Dinesh D’Souza’s “Hillary’s America” will debut in theaters in July. “Clinton Cash” is a documentary that investigates donations made to the Clinton Foundation by foreign entities, paid speeches made by Bill and Hillary Clinton, and the Clintons’ personal enrichment since leaving the White House in 2001. It also debuts this summer. And now, “Weiner” exploring the life of a world class narcissist who just happens to be married to Hillary’s top aide and special friend who is also tied to Hillary’s email scandal investigation, Huma Abedin. With so many scandalous movies surrounding the life of Corrupt Hillary debuting this spring and summer, it’s hard to know what to see first.
We only have one question. Did filmmaker, Mr. Kriegman credit Andrew Breitbart for “exposing” (pun intended) the truth about Anthony Weiner?
Mr. Kriegman’s careful chronicling of Mr. Weiner’s campaign is poised to prompt a much broader reassessment of a tabloid-tarred politician. “Weiner,” a feature-length documentary by Mr. Kriegman and Elyse Steinberg, will be released on May 20, amid one of the most contentious presidential elections in memory, and it may be the most intimate and provocative portrait of a political race since “The War Room.”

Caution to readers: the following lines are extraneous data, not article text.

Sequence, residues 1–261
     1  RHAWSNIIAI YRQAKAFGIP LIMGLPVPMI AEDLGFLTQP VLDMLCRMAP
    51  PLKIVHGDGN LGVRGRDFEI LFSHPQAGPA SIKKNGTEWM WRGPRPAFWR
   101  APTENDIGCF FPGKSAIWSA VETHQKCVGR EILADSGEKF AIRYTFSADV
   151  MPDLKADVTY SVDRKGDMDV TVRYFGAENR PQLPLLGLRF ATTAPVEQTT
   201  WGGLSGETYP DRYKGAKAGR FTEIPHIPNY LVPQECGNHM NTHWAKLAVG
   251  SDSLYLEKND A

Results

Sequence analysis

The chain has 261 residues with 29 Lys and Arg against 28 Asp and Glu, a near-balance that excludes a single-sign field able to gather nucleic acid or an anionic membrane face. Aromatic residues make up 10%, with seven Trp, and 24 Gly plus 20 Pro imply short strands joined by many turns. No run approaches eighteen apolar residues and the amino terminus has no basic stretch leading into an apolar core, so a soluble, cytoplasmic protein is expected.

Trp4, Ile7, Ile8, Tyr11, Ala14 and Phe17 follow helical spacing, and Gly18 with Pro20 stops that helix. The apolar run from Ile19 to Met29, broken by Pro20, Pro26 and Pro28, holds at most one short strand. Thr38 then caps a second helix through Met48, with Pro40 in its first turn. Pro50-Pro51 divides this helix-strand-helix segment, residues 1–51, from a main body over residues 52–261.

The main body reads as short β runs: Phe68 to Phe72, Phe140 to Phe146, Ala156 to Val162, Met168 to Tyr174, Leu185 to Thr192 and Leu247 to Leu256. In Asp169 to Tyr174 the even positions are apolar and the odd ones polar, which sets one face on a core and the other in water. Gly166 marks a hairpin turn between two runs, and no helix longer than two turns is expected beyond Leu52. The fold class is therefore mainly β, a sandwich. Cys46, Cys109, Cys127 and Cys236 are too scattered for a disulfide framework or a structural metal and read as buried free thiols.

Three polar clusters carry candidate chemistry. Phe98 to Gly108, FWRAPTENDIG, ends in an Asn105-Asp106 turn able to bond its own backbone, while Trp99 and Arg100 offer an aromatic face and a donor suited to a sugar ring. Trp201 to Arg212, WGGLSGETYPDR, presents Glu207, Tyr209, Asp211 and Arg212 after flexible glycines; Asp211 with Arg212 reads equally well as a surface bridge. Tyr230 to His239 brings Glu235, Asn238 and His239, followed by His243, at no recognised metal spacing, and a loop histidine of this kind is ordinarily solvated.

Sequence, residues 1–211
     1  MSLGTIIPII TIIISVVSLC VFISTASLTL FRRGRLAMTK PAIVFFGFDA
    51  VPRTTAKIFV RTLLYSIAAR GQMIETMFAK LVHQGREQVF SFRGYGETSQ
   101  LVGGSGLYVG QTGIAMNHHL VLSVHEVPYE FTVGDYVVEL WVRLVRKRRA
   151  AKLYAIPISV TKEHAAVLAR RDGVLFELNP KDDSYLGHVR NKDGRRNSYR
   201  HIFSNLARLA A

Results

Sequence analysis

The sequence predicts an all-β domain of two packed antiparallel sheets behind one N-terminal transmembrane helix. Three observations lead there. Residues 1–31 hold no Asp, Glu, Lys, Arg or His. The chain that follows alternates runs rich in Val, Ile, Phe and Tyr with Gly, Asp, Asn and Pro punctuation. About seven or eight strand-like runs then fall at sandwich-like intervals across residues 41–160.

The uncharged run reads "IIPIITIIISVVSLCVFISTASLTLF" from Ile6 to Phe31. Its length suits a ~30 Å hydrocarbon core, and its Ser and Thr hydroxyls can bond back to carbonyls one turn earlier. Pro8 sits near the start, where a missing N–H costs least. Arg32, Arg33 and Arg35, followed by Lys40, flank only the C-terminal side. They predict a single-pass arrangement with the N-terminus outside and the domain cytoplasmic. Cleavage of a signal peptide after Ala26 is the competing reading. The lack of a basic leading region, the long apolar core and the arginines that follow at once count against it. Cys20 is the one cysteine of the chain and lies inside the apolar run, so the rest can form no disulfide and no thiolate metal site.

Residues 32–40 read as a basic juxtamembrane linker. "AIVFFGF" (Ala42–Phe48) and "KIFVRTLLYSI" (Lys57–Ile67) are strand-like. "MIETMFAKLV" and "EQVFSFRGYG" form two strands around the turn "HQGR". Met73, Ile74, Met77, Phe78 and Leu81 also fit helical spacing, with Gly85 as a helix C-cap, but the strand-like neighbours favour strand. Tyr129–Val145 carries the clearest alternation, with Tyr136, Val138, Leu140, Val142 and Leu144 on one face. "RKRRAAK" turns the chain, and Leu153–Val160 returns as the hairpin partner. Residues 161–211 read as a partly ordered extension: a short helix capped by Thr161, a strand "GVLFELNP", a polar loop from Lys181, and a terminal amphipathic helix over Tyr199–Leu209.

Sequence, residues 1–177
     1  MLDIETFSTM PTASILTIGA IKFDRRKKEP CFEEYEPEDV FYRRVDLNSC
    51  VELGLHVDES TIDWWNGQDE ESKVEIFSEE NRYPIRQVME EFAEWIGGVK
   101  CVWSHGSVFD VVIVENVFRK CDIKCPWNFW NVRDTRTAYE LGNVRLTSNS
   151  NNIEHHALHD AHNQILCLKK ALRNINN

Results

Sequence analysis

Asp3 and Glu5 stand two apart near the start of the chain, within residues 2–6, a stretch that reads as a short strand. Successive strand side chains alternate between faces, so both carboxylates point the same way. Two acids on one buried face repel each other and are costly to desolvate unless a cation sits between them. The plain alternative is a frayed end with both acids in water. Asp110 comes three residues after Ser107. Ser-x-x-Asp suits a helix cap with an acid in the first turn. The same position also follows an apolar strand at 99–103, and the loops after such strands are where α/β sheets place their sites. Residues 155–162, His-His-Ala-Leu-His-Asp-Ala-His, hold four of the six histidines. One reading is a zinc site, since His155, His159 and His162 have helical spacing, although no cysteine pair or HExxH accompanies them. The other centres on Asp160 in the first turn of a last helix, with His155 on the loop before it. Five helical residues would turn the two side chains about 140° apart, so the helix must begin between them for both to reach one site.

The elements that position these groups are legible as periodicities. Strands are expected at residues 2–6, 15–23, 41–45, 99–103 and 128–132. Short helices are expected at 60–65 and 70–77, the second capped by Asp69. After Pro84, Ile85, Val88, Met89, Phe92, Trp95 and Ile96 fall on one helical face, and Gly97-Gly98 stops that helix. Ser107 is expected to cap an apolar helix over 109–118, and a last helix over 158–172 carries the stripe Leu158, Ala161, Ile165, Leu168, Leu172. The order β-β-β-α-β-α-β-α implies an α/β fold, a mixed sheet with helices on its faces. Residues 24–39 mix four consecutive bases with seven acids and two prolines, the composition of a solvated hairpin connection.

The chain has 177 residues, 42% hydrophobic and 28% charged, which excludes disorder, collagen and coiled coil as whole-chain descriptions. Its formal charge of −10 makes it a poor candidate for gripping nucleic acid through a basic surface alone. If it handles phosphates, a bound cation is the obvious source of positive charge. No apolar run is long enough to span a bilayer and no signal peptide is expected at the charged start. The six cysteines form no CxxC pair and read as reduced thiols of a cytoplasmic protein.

Mr. Weiner — whose moth-to-the-flame instinct toward exposure led in part to his resignation from Congress in 2011 after admitting he had lied about online liaisons with women — granted extraordinary access to Mr. Kriegman, in exchange for the occasional use of his footage during the campaign. The filmmaker agreed to step out of the room whenever Mr. Weiner asked.
And yet there is Mr. Kriegman in the back of a sport utility vehicle, filming as Mr. Weiner tries to persuade his wife, Huma Abedin, to appear at a primary-night party where Sydney Leathers, Mr. Weiner’s erstwhile sexting partner, is lurking outside. Mr. Kriegman is inside the couple’s apartment at breakfast time as Ms. Abedin, a frozen smile on her face, confides to the camera that she is “living a nightmare.”
There are startling moments of Mr. Weiner analyzing his own transgressions (he calls them “the things”) and facing teary-eyed staff members. Hours after Mr. Weiner’s campaign is stricken by revelations of new online infidelities, the film finds husband and wife alone in a conference room, staring at each other for what may be the longest and most painful onscreen marital silence this side of an Ingmar Bergman film.
“The door closes, and I’m filming, and I’m riveted by what’s happening,” Mr. Kriegman recalled in an interview last month. “But I’m definitely thinking to myself: ‘I can’t believe I’m standing here right now.’”
He almost never got the chance. Mr. Kriegman had known Mr. Weiner for years, serving as chief of staff in his district office. After a decade in politics, he began pursuing a film career, earning credits on MTV and PBS. He and Ms. Steinberg, who are both 36, and previously collaborated on a documentary about prison reform, came to view Mr. Weiner as an ideal subject.